I was kindly invited to speak with BBC business reporter Steph McGovern last week on BBC Breakfast News on the eBay cyber-attack, further to commenting on the story in the national and technology media. As well as getting my 15 minutes of fame, what struck me (as I sat in the green room!) was how these breaches are now becoming almost a daily occurrence.
eBay is now under investigation, and rightly so by various governments across the globe. It is being investigated by the Federal Trade Commission in three US states, Connecticut, Florida and Illinois. As well as the US, the UK’s ICO is also investigating it’s adherence to data protection regulations as well as how it handled the situation following the attack. I expect there will be more to follow based on the press the event received in other parts of the world.
There was a delay from eBay in the awareness of the attack itself and then a further delay (once it knew its user’s accounts had been potentially compromised) in communicating news of the attack to its 230 million users. Many of the users, if not all, found out about the attack through the media and gleaned advice as to next steps (i.e. what to do) from people like me! While I appreciate that it took time for eBay’s servers to deploy the necessary emails to the hundreds of millions of its customers – no mean feat – it could and should have been conducted more efficiently, after all there were millions of individuals reputations at stake.
As I said to Steph in the interview, the fact that there was such a delay from eBay implies a lack of control over its critical information (it’s our information really, which we provided to them in good faith as users of their service); hackers will always locate a weak point to attack which, in this case was from the Enemy Within, intentionally or unintentionally. Unless the right safeguards, including policies and technology, are put into place to mitigate such risks, the critical information of all stakeholders in an organisation- including its users- will be at risk.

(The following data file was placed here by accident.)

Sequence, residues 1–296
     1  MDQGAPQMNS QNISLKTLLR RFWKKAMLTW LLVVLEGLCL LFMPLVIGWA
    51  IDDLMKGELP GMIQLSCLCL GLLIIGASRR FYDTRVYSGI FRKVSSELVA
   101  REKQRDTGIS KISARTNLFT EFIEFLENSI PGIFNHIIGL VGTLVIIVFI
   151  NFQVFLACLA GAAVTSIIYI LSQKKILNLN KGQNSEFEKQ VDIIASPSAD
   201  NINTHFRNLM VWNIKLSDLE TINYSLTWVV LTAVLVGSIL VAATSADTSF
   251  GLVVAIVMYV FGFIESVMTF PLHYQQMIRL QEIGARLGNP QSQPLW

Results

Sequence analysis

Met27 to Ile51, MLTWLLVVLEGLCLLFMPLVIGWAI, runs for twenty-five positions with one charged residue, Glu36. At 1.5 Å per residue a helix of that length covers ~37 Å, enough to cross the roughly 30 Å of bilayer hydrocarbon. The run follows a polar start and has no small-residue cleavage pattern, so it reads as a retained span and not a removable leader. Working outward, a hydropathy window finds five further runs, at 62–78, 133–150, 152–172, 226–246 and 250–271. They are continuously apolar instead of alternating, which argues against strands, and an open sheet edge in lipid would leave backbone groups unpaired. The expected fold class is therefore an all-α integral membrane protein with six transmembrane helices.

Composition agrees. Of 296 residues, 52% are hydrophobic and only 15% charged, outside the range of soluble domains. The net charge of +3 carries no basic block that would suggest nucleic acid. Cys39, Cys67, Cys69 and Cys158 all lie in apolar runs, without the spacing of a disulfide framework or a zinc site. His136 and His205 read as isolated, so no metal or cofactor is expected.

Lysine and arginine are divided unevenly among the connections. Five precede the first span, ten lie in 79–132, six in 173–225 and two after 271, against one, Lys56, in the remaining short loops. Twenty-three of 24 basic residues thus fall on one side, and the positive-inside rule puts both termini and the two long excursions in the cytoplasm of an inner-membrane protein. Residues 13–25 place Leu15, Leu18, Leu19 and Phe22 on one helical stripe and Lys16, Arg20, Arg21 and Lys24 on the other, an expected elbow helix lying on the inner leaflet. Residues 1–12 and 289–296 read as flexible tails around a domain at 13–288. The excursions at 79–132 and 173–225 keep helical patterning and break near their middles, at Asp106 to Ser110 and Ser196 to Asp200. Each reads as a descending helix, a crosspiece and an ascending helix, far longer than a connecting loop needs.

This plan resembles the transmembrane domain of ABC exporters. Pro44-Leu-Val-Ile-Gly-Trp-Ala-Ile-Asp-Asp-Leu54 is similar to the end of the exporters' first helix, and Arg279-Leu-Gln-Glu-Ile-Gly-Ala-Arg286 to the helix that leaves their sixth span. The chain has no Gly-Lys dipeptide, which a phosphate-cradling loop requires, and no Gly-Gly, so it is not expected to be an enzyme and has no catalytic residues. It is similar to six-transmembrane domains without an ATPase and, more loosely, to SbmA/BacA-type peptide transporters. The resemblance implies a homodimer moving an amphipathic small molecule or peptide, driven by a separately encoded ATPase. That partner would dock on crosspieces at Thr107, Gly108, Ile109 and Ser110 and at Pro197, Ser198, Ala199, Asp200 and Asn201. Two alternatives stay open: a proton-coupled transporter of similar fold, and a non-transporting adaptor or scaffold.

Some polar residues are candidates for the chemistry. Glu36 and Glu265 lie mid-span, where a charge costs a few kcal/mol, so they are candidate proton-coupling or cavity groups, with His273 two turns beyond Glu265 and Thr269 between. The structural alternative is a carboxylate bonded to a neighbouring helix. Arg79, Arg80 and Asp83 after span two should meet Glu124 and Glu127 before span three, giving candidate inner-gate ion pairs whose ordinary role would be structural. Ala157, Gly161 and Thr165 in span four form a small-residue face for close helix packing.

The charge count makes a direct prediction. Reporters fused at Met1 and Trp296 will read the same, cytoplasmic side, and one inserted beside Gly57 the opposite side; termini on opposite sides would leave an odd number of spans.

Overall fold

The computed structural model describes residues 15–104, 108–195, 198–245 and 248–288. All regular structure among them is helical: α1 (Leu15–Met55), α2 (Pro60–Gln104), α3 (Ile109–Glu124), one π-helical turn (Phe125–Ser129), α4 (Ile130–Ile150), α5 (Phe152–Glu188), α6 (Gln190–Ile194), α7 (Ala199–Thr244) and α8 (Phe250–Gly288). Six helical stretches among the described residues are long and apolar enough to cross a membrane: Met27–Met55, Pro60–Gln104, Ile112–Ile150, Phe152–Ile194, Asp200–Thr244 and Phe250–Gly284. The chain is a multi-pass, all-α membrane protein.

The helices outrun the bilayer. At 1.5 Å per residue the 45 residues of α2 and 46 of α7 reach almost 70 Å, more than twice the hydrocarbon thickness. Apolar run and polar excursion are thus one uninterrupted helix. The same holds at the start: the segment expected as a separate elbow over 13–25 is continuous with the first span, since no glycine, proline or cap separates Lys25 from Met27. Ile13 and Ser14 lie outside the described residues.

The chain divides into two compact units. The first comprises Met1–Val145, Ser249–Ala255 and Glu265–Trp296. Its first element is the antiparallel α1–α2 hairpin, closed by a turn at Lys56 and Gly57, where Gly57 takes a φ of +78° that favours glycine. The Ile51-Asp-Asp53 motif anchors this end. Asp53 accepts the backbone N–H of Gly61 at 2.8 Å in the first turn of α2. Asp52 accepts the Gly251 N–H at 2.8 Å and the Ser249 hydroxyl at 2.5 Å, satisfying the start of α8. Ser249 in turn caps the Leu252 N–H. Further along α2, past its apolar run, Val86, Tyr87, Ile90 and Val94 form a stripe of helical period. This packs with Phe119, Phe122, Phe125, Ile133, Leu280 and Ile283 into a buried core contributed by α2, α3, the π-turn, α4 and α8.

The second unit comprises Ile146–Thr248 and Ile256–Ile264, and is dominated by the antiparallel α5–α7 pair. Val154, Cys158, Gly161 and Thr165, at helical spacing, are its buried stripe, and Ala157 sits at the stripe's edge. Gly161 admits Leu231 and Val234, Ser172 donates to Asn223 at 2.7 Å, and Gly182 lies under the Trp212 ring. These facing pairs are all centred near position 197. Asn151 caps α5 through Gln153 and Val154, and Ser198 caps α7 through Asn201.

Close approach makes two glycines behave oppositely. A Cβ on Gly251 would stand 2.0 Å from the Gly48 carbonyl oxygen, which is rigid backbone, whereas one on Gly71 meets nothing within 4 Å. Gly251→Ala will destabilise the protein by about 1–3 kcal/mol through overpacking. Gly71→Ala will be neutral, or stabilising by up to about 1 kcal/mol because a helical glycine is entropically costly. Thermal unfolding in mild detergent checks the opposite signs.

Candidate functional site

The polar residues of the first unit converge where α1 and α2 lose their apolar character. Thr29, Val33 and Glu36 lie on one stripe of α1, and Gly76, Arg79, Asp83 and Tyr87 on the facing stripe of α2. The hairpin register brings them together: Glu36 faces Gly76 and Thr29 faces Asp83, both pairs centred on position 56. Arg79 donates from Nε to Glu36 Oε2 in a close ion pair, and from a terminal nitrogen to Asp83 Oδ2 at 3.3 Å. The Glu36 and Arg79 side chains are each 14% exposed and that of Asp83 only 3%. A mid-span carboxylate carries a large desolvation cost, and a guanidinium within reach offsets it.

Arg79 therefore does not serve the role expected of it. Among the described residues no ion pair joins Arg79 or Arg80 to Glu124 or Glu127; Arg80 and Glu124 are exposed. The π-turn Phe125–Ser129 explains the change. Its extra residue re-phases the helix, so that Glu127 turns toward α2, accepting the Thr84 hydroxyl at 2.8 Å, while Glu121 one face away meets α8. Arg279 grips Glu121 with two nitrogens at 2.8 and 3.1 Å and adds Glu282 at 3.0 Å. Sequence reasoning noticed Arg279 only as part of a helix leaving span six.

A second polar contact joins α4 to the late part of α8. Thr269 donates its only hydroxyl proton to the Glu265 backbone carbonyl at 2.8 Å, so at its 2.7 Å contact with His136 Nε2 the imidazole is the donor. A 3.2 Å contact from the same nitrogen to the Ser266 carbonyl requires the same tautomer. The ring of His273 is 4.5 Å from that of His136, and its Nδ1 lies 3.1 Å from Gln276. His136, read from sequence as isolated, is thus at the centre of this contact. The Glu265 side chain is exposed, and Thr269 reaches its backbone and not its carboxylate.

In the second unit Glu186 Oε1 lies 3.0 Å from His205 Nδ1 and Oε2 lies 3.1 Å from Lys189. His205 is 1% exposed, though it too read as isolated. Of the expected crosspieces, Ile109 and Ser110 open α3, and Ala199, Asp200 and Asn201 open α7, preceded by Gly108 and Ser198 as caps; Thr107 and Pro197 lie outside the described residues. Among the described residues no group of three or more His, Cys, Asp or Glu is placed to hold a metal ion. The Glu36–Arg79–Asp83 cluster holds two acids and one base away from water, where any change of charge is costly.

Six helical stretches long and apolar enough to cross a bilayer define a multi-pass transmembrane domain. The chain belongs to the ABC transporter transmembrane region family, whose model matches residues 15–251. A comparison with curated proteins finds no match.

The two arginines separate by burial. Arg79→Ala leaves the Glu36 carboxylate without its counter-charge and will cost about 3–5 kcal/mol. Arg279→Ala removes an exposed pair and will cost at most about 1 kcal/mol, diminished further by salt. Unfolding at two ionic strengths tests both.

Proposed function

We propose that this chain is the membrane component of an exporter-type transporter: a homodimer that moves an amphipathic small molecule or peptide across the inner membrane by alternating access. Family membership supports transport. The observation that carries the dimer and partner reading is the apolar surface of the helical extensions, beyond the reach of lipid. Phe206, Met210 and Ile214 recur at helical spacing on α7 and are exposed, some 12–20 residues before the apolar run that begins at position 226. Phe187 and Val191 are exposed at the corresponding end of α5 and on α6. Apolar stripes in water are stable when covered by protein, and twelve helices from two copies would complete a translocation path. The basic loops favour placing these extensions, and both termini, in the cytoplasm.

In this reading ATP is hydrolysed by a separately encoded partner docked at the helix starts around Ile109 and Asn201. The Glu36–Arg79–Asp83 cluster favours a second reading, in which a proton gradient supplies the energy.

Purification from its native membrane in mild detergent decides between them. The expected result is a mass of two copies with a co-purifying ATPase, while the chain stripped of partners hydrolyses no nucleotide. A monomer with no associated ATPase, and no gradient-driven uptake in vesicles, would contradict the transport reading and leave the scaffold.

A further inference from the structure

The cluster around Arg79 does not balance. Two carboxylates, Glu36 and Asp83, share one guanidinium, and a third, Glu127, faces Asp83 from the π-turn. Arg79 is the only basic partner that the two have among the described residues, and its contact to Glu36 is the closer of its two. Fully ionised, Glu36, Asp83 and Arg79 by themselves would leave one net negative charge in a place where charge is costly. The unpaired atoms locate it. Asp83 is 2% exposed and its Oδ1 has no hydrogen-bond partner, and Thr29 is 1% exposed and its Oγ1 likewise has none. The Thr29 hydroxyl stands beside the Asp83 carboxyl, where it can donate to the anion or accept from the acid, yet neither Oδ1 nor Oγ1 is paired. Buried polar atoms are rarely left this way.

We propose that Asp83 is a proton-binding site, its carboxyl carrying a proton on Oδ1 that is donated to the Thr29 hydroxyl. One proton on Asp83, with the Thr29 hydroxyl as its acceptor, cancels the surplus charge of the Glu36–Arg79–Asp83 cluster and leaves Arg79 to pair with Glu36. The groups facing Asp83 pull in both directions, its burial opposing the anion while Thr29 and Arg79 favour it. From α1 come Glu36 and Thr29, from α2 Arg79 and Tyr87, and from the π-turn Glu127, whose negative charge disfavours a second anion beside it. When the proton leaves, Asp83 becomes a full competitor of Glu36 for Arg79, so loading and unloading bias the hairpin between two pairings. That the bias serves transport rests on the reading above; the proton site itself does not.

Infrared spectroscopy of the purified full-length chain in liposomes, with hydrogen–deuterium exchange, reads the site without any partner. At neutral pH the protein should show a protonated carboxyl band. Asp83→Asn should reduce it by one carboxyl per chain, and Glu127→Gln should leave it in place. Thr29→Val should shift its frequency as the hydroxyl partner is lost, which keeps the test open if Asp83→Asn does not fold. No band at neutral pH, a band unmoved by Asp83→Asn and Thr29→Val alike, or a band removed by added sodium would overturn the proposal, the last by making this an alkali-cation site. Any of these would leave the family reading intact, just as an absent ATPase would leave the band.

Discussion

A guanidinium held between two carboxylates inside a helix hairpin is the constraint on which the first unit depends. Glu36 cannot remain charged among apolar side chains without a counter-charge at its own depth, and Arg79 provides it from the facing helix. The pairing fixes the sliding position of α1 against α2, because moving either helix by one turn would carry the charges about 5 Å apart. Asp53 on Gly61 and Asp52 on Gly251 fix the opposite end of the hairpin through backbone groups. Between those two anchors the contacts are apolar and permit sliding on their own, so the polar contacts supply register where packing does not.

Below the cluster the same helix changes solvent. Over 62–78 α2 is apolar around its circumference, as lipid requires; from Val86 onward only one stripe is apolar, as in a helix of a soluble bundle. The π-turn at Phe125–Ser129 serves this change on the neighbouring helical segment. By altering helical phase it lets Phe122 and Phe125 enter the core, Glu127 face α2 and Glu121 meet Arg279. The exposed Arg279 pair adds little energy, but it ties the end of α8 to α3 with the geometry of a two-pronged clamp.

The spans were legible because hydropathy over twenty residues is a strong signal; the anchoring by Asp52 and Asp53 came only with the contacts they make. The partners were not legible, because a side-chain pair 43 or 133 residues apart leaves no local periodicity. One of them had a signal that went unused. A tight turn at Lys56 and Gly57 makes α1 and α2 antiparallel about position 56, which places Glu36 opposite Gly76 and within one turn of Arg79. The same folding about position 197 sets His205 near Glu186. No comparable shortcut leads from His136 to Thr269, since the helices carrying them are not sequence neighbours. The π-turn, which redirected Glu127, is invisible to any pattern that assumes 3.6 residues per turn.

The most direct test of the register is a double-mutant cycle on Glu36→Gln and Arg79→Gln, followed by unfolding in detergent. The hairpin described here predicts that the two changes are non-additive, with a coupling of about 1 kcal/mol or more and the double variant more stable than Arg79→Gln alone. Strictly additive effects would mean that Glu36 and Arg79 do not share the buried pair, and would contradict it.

The effective remediation, from a user perspective is to change passwords – which sounds simple. Having met with further media this week to discuss Clearswift, eBay and other industry news, the password discussion came out at the top of the conversational agenda. There is certainly a ‘password fatigue’ amongst the nation – the research that Clearswift commissioned YouGov to undertake, 24 hours after the attack was made public, found over half (52%) of eBay users hadn’t changed their passwords (but were intending to) but even more worrying was that over a tenth (12%) of users hadn’t changed their passwords, and weren’t intending to! A straw poll of individuals who had tried to change their passwords had had trouble in doing so, and several had given up trying, citing the fact it was too difficult to find one which was memorable and fitted all the criteria required.
It’s clear that the password issue is here to stay, so we must find a way to make them work for us, in both our professional and our personal lives. One thing we have talked a lot about this week is employing passphrases rather than passwords to tighten the ring of defence. Passphrases are typically longer than passwords, for added security, and contain multiple words that create a memorable phrase. Simple character substitution can then be used to make it tough to crack. A passphrase which is 15+ characters long can be just as easy, or easier, to remember than an eight character word which has been augmented with odd characters to make it fit the criteria.
There is still a challenge around what applications allow and don’t allow to be a part of the password. It would be useful if there was a standard – but there isn’t. In general, steer clear of ‘ ‘ (spaces), ‘.’ (full stops) and square / curly brackets! Depending on how and where you use the password, avoid currency signs, a US keyboard doesn’t have ‘£’ on it!
Since the eBay attack (was it really only last week?), more cyber-attacks have been announced, from Spotify and just yesterday Office shoes, albeit on a much smaller scale. Both companies are in the process of asking certain users to change their passwords as a precaution. It’s clear then that the passwords issue is here to stay and we all must become more responsible for protecting our own information and leave nothing to chance. As I commonly say, it’s not a case of if, but when, and I’m in no doubt that further breaches are on their way, probably by the time you finish reading this article.